Data is essentially held in pages of 4096b, and a page in RAM is accessible by the CPU, if the page is on disk the CPU can't access it directly.
A page fault occurs when a wanted page address does not translate to a real memory address. At this point the Virtual Memory Manager (VMM)knows it needs to get data from disk and place it in RAM - it therefore checks to see that there is space in RAM in which to out this data.
If there's enough room, VMM checks to see if the wanted page has been used previously by this process:
- if not, an "initial page fault", VMM allocates _two_ pages for the data; one in RAM and the other on a backing page on disk where it can go if it has to be temporarily removed from RAM. This is known as "late page space allocation".
- if it has, a "repage fault" I/O is scheduled to bring the data back from disk and into RAM - the act of resolving this repage fault is called a "page-in" (the process that is waiting for this to happen is in a "page wait state").
So what happens if there's not enough room in RAM to put the page? Well the page stealer is there to ensure that there is a supply of free RAM pages available for an initial page fault. If the number of free RAM pages drops below a specified value then the page stealer will try and get some pages back. It keeps on stealing pages until it reaches an upper limit.
So how does it decide which pages to steal? The page stealer will select the least recently used, or LRU, pages. If the page has been modified in RAM it's classed as a dirty page and is put to a backing store (either page space or a filesystem); if it's clean (the copy in RAM matches the copy in page space) then the RAM page is purged.
Note that the page space is used for non-persistent or working pages, and the filesystem is used for persistent or file pages.
There is, of course, a basic assumption here that all stale pages are treated equally, i.e. whether it's a file- or nonfile- page makes no difference to the page stealer.
However this is not the case. Increased paging activity makes VMM act upon the different types of (stale) pages in a different manner. When the number of [stale] file pages exceed a number - set by the maxperm threshold - the page stealer will steal only file pages.
If the number of stale file pages is below maxperm (but above the set minperm threshold) then two other considerations come into play.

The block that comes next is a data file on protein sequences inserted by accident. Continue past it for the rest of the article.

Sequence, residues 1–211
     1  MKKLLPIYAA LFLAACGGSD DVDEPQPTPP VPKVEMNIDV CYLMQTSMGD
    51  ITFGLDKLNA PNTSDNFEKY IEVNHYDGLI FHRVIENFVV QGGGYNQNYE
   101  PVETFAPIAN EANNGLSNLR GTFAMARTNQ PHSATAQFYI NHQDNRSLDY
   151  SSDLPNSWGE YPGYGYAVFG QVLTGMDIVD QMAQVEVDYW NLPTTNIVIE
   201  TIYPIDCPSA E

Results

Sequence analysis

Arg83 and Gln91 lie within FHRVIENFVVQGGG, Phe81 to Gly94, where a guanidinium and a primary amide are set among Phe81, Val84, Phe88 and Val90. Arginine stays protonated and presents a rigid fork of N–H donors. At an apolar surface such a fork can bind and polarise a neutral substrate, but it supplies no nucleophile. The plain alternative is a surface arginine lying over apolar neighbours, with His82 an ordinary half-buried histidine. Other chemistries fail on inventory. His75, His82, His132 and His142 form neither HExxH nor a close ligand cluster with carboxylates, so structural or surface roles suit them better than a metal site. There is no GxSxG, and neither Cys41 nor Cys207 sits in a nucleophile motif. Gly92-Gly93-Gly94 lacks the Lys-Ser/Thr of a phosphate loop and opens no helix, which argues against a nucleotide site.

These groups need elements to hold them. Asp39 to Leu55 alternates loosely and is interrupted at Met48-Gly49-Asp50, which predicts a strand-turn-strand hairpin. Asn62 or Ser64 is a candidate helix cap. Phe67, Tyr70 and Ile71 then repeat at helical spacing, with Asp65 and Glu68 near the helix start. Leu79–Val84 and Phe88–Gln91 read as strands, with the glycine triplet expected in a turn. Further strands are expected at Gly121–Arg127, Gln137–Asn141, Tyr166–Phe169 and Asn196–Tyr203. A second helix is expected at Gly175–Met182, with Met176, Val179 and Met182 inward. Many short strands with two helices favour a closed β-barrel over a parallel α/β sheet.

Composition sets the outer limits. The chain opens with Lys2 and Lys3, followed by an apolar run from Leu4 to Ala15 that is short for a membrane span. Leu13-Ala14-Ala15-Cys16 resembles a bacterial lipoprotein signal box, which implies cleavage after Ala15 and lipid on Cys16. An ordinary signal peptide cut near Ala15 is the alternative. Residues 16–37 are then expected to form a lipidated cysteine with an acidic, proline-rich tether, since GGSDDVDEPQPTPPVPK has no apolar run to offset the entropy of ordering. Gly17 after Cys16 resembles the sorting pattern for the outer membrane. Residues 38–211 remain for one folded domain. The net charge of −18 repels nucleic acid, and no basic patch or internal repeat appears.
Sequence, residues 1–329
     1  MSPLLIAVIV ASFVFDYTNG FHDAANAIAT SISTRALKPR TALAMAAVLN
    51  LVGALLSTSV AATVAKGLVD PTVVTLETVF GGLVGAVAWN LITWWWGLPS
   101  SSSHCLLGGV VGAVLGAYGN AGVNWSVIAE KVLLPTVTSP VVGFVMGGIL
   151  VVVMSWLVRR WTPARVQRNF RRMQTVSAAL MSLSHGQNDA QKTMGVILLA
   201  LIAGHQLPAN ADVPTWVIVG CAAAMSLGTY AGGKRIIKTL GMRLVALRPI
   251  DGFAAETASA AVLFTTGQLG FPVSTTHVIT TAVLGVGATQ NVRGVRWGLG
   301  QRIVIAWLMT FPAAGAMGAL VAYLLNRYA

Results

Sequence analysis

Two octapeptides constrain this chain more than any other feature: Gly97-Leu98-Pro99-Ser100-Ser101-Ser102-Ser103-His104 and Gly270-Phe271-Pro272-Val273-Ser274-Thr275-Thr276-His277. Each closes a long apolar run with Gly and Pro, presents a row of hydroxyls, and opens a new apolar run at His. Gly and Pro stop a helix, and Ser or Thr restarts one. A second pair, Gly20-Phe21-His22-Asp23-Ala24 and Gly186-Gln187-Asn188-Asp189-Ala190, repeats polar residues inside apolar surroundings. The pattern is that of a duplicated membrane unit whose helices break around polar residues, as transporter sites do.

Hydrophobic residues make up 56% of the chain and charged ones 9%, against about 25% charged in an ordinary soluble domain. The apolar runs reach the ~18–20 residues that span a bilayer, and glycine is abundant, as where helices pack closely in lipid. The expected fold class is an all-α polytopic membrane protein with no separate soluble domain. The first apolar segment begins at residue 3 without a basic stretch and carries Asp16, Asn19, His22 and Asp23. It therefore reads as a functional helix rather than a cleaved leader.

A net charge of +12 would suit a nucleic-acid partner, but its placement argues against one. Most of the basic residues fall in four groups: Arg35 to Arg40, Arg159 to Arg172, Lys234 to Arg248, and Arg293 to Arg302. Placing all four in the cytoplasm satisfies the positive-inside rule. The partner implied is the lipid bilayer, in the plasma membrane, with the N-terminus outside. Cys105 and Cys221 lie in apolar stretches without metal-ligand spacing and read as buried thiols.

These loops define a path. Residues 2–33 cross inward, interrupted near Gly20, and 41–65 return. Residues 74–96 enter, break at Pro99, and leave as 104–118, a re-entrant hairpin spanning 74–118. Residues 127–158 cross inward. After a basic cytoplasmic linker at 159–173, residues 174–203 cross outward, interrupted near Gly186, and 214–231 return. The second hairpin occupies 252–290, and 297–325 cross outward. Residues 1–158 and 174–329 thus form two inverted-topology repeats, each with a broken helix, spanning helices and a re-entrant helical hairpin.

The VMM checks the repage rates of both file and nonfile pages, and will steal file pages if the file page repage rate is higher than the repage rate for nonfiles.
If this not the case then both types of pages are treated as equal victims.
PERFORMANCE HITS / ACTUAL DISK I/O...
To understand the performance hit of the paging figures that you come across, you need to realise that page faults do NOT (necessarily) result in disk activity. Remember from above that only the repage fault - the act of bringing back previously used data into memory - causes disk I/O to be scheduled.
Page out I/O only occurs when a page is stolen by the page stealer AND is marked as 'dirty'. This only happens when there is a shortage of free RAM pages. Hence the page-out figure can be an indicator of how memory constrained the system is. The vmstat command is only of limited use as it just reports activity concerned with page space (and not paging to/from filesystem space).
If the system consistently appears to hover around the minperm value (the "fre" column in vmstat) then it does not follow that the system is memory constrained - consider the scenario where an initial page fault is resolved by purging a clean, but stale, page. In this there is paging activity but no corresponding I/O.
System performance may be improved by reducing the amount of RAM that file pages occupy - this ensures that working pages are not continually being pushed out to make way for file pages.
This can be achieved through the use of the vmtune command (/usr/samples/kernel) and DECREASING values for minperm and maxperm.
So how much page space do I need? For systems that have up to 256MB of real memory, use the well known formula...
page_space = 2 x real_memory
...for those systems with more than 256MB of real memory use...
page_space = 512MB + (real_memory - 256MB) * 1.25
The following should also be adhered to where possible:
1. configure just one paging space per disk 2. use between 2 and 6 paging spaces in a medium size system 3. configure the paging spaces on each disk to be the same size
That's about it really - all you never needed to know about paging space and VMM.